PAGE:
A Special Software for Pregnant Women in Jaisalmer Providing Timely Help
- Raghav Goyal
- Published on 29 Mar 2022, 9:05 am IST
- 3 minutes read
- When IAS officer Ashish Modi was DM of Jaisalmer, he launched a software that alerts when pregnant women are referred from local health centres to higher institutions.
- The software, that was developed by NHM Rajasthan, also tracks the non-institutional deliveries in the district.
- Tablets were provided to Auxiliary Nurse Midwives (ANMs) in the district to use the software for exchanging information with health institutions.
- Tablets given to 30 ANMs for faster communication and proper coordination
To provide timely help to pregnant women and rush them to hospitals, a District Magistrate had launched a unique software in Rajasthan that would alert authorities when a health emergency arose and, also, keep track of non-institutional deliveries happening in the area. The idea is to provide immediate response when a baby is about to be born, as, in cases of high-risk pregnancy, early detection and effective management contribute substantially to the reduction of maternal and foetal adverse outcomes.
The officer concerned is 2014-batch IAS officer Ashish Modi and this particular initiative was launched when he was posted as the DM in Jaisalmer. Since then, he has moved on to another district – Bhilwara – but the software he has left behind is now helping women in the remotest parts of Jaisalmer. Indian Masterminds spoke to the officer to know more about this software that has turned out to be a boon for pregnant women of Jaisalmer.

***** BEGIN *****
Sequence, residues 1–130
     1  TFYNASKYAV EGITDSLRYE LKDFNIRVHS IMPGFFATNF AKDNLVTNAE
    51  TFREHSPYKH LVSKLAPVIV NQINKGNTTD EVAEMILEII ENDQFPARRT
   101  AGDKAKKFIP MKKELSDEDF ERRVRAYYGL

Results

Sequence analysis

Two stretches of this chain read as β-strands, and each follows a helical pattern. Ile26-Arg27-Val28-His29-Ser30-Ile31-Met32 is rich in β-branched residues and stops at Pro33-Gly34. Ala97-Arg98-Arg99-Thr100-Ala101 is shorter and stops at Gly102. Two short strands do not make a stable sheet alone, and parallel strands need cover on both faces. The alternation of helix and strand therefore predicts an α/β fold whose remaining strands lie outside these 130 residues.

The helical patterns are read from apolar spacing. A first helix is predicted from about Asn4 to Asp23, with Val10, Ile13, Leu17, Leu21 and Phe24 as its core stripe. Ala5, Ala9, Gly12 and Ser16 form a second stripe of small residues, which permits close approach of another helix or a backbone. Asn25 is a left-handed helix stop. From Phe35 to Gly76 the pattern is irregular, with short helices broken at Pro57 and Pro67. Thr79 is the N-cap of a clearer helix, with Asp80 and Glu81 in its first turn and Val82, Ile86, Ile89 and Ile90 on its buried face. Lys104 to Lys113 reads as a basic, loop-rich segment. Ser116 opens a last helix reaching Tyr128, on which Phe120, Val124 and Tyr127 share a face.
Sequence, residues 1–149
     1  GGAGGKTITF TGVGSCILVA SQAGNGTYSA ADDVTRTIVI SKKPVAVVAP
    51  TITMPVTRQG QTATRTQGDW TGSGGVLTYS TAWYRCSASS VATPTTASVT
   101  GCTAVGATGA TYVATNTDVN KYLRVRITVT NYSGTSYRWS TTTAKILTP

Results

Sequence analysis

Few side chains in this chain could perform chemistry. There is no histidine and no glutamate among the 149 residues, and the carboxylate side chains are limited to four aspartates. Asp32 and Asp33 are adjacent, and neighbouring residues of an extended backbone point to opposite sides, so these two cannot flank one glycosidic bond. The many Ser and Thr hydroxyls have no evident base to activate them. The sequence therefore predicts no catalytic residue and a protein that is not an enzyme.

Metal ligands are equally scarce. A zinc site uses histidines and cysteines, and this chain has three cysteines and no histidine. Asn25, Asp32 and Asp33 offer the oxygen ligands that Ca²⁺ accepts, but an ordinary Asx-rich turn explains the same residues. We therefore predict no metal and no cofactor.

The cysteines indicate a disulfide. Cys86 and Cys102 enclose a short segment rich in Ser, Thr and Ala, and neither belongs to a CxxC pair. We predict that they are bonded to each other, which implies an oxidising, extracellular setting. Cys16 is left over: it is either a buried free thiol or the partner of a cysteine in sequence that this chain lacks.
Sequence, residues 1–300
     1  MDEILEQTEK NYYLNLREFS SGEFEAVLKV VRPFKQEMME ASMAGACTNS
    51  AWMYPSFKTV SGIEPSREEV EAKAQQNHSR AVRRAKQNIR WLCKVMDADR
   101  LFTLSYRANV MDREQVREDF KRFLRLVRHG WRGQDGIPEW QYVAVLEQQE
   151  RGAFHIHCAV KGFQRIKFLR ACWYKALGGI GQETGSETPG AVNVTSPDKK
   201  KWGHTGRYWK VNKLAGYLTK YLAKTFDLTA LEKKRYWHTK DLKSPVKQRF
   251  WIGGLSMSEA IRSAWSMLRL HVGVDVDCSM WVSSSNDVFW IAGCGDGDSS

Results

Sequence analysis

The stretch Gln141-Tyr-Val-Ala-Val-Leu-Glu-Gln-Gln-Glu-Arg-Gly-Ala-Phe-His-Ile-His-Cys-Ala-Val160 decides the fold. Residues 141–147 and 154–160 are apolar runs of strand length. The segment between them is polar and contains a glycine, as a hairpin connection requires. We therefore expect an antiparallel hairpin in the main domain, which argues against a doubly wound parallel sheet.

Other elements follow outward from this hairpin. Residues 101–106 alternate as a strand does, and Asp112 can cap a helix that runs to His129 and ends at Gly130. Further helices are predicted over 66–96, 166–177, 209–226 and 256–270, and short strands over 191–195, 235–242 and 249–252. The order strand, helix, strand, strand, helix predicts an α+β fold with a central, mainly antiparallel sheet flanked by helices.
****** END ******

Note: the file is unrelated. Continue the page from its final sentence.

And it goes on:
Explaining its purpose, Mr. Modi said, “A software was developed by the National Health Mission, Rajasthan, which makes an alert automatically when a pregnant woman is referred from the local health centre to a higher institution. This is mostly effective in higher risk pregnancy cases as the concerned hospital makes prior arrangements to tackle the patient.”
A total of 30 high risk pregnancy zones were identified in the district and tablets were provided to 30 Auxiliary Nurse Midwives (ANMs). Using these tablets, the ANMs would exchange information with the higher institutions on time. This helped in streamlining the process and making the institutions aware beforehand.
The tablets were bought from the CSR funds which were pooled in for this initiative. There was a tablet distribution programme and workshop at the Collectorate’s conference hall, where Mr. Modi gave the tablets to 30 ANMs.
Apart from adopting technology to tackle the issue, another important step he took was to sensitise the ANMs about the importance of IT in faster communication. ANMs or Auxiliary Nurse Midwives are village-level female health workers in India, who are known as the first contact person between the community and the health services.
“Secondly, the software was also used to track the non-institutional deliveries. A survey was conducted in which related issues were identified and proposals were sent by the administration to the Niti Aayog.”
The officer had proposed to provide two-wheeler scooters to the ANMs so that they can provide last mile connectivity. However, before any reply could be received, Mr. Modi was transferred to a new posting – DM Bhilwara, and he had to leave Jaisalmer. However, his work legacy lives on and the officer who took charge from him is taking it up from there.
END OF THE ARTICLE